Lockheed's $2B polar project under attack
CH2M Hill Antarctic Support, Inc. is protesting a $2 billion contract won by Lockheed Martin Corp. to support the U.S. Antarctic Research program in the South Pole.
The Englewood, Colo.-based company submitted an appeal on Jan. 9, according to Government Accountability Office’s Bid Protest docket.
GAO now has 30 days to provide a report addressing the protest arguments. CH2M Hill then must file comments responding to the report within 10 days of receiving it. After the comment period, GAO can request additional filings from the parties, conduct alternative dispute resolution, or hold a hearing.
A decision is due by April 18, the docket said.
The National Science Foundation announced its selection of Lockheed Martin in late December.
The contract is to provide logistical support and implement infrastructure for the three workstations located in the South Pole, McMurdo and Palmer. The work runs the gamut from keeping computer networks running in the harsh conditions, to installing light bulbs and bringing in food and supplies. The full scope of support has been described as like operating a small town.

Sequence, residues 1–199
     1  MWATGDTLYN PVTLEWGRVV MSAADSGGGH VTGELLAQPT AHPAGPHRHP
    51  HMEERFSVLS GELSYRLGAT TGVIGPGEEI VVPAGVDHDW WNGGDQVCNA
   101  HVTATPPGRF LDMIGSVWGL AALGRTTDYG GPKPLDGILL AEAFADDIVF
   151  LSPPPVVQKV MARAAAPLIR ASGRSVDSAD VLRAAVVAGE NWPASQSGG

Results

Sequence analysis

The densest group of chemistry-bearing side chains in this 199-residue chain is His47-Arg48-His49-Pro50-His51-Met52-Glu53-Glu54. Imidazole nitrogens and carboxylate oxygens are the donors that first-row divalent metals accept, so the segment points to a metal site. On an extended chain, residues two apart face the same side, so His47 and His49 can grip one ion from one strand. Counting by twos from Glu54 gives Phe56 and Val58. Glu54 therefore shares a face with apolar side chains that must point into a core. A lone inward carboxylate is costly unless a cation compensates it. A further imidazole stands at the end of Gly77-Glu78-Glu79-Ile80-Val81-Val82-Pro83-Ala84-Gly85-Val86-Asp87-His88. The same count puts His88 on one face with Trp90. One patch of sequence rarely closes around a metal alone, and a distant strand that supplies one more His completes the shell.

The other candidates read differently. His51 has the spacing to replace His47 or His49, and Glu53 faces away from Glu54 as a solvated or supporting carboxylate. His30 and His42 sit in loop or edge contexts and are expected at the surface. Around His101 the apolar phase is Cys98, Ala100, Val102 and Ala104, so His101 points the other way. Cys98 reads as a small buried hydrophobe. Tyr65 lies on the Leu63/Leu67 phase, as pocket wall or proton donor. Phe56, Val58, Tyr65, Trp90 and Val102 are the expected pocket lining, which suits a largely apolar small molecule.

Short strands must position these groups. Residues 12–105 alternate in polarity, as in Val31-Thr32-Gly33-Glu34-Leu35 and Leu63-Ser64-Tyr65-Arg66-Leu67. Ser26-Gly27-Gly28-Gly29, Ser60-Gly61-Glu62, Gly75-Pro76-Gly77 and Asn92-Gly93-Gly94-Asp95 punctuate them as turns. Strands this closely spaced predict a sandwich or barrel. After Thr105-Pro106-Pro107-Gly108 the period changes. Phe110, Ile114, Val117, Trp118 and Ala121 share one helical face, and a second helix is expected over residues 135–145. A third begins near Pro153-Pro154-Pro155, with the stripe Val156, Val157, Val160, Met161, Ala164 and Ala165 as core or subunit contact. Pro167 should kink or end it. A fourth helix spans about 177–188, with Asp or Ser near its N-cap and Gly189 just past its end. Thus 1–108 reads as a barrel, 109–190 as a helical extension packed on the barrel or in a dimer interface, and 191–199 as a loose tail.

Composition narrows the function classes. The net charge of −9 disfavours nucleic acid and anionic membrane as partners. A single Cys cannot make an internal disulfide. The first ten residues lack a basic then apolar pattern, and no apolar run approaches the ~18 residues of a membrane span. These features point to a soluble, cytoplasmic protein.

Officials at Lockheed Martin declined to comment on the protest.
CH2M Hill, which previously has provided cold weather support to NSF in the Arctic, made the decision to file a protest based on information it received from the agency during a Jan. 5. debrief.
“CH2M HILL Antarctic Support, Inc. is disappointed with result of the NSF's selection process for the Antarctic Support Contract,” the company said in a statement.
“The ASC is a top priority for our firm and we assembled a highly qualified and committed leadership team for the program who remain dedicated to serving the NSF on this important contract. CH2M HILL values our people as our most important asset and we are inspired by our team's enduring dedication to this effort,” it continued.
Alysha Sideman is the online content producer for Washington Technology.